In one week the creator of 50 Shades of Black, Carlton Mackey, will host a transforming photographic encounter as part of the Third Annual Butler Island Plantation Homecoming, --the much anticipated celebration and reunion of the Gullah/Geechee communities of Butler Island.
This conceptual portrait series titled "BRINGING THE GIFTS THAT THE ANCESTORS GAVE..." was inspired by the conclusion of the late Maya Angelou's poem.
Bringing the gifts that my ancestors gave,
I am the dream and the hope of the slave. - Maya Angelou
Through a process that is as much about honoring the ancestors and spiritual transformation as it is about photography, Mackey will invite participants to spend some moments in quiet meditation while looking through the photographs of former enslaved Africans from various parts of Georgia. Mackey was doing just this when the idea first "awakened in his spirit".
Mackey states that he saw a photo online that essentially instructed him exactly what to do. He paired this image with one of himself and was overcome with emotion.
"I knew something powerful was about to take place because I was experiencing anxiety all morning. I knew I needed to make a post about the fact that we had been invited to host an Open Shoot as part of the Homecoming, but I kept putting it off. I was experiencing fear about the whole event. This let me know that something of great magnitude was about to happen. Virtually every endeavor that I'm about to embark upon of significance is shrouded in fear and doubt. This is my sign that it must be something that I have to do. I'm learning to push through it until I have the clarity of knowing what is possible is greater than the fear. What I didn't know was that my entire plan for hosting a traditional Open Photo Shoot was about to be exchanged for a plan that literally came from "the voice" of an ancestor in a photograph." -carlton mackey
Participants will choose a photo (or be chosen by one) to honor. At various locations on Butler Island, Mackey will photograph participants in a similar fashion. This pairing is meant to invoke the essence of the living participant being the embodiment of the "dream and hope of the slave". The pool of photos will mostly be from the Library of Congress (U.S. Farm Security Administration) and have no restrictions upon use and images from the Emory University's Robert Langmuir African American Photograph Collection. Mackey hopes to secure funds to create an exhibit of diptychs coupling the historic and the contemporary photos.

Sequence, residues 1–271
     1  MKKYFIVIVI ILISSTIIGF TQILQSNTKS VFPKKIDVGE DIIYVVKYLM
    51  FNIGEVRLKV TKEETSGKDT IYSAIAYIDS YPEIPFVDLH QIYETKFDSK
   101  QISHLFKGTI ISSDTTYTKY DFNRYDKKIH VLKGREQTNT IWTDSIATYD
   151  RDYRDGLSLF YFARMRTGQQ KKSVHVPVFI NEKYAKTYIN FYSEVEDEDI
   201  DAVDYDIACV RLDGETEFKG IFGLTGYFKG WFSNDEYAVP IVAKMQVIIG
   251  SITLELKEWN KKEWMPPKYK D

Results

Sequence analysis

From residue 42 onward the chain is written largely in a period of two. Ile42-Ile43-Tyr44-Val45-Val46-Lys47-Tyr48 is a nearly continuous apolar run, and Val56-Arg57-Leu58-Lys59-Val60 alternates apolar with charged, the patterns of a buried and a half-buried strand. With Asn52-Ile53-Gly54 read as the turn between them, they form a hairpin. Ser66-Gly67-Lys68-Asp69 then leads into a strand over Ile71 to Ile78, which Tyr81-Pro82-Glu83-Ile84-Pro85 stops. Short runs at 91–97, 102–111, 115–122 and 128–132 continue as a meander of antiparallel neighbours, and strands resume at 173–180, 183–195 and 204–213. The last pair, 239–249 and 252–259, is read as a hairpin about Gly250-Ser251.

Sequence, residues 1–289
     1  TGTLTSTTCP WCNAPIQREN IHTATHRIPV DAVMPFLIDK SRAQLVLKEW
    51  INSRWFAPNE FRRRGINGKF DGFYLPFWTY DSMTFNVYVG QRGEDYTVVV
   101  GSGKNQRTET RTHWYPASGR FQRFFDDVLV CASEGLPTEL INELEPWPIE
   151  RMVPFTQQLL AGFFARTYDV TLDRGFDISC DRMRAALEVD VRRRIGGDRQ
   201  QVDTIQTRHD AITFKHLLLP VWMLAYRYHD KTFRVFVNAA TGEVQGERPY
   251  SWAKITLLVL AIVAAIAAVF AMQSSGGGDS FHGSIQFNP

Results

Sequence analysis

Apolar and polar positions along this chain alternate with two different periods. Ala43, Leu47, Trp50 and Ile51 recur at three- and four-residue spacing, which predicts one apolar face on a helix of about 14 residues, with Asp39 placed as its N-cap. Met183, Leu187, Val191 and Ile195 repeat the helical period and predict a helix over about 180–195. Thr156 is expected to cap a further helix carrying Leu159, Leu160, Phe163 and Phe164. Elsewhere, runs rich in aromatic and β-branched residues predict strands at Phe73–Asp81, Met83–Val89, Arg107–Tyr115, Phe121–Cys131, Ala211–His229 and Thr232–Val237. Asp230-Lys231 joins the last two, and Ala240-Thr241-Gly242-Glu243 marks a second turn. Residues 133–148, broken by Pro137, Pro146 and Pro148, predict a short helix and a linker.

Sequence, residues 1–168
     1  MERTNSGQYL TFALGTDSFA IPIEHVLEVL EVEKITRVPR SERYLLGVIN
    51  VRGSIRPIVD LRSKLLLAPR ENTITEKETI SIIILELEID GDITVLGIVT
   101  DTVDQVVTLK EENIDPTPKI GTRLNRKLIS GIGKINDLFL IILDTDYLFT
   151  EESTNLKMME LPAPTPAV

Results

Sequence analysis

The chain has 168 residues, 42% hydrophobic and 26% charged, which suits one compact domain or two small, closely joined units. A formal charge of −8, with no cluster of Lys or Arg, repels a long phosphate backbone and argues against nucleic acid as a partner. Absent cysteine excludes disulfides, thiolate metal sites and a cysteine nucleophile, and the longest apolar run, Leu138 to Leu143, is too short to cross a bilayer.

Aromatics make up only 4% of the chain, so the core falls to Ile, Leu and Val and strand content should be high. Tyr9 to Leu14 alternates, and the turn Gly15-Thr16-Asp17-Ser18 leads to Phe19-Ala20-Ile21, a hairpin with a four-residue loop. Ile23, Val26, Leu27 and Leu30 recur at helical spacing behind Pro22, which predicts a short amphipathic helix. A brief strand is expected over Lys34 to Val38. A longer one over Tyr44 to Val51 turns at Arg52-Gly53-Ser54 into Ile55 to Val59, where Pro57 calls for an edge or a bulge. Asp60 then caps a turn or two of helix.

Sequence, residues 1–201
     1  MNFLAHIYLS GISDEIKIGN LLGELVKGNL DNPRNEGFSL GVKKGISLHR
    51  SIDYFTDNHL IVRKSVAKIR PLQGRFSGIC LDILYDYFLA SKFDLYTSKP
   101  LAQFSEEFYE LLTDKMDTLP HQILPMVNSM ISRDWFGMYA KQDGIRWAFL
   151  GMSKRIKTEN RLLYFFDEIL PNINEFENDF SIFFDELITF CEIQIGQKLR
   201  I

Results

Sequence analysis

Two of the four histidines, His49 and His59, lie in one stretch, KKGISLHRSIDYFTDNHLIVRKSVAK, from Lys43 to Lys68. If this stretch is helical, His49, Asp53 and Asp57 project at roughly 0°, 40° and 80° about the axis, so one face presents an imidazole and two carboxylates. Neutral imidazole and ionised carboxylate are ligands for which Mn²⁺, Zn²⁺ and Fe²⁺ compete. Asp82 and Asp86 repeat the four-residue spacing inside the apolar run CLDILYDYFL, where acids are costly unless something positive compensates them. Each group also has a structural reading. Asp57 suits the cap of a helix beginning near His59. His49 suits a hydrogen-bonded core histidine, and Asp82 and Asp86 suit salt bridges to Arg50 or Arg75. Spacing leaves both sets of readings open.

Free and Open to the Public
This photo shoot will be part of a much larger Butler Plantation Homecoming. The Butler Plantation Homecoming pays tribute to those enslaved Africans that lived out their lives as the property of Pierce Mease Butler on Butler Island Plantation, and those that were sold in the nation's largest sale of slaves that took place in 1859.
Please join us as we celebrate the culture and heritage of the enslaved people originating from Ghana, Senegal, Guinea, Angola, Whydah and Igboland areas of Africa.
***Breaking News*** The Butler Island Plantation Slave Cemetery has been discovered! The cemetery is potentially one of the oldest documented in the state. This year's celebration will include a commemoration ceremony in honor of approximately 919 enslaved people buried in the cemetery.
The festival features a presentation by Dr. Teresa Singleton - Archaeology Professor of Syracuse University and expert in Butler Island Plantation slave artifacts; Ancestor Cemetery Commemoration; "50 Shades of Black" Open Photo Shoot; "A Taste of Geechee" food and culture; guided tours; a parade of flags; performances; music; vendors; children's activities; family fun and much more.
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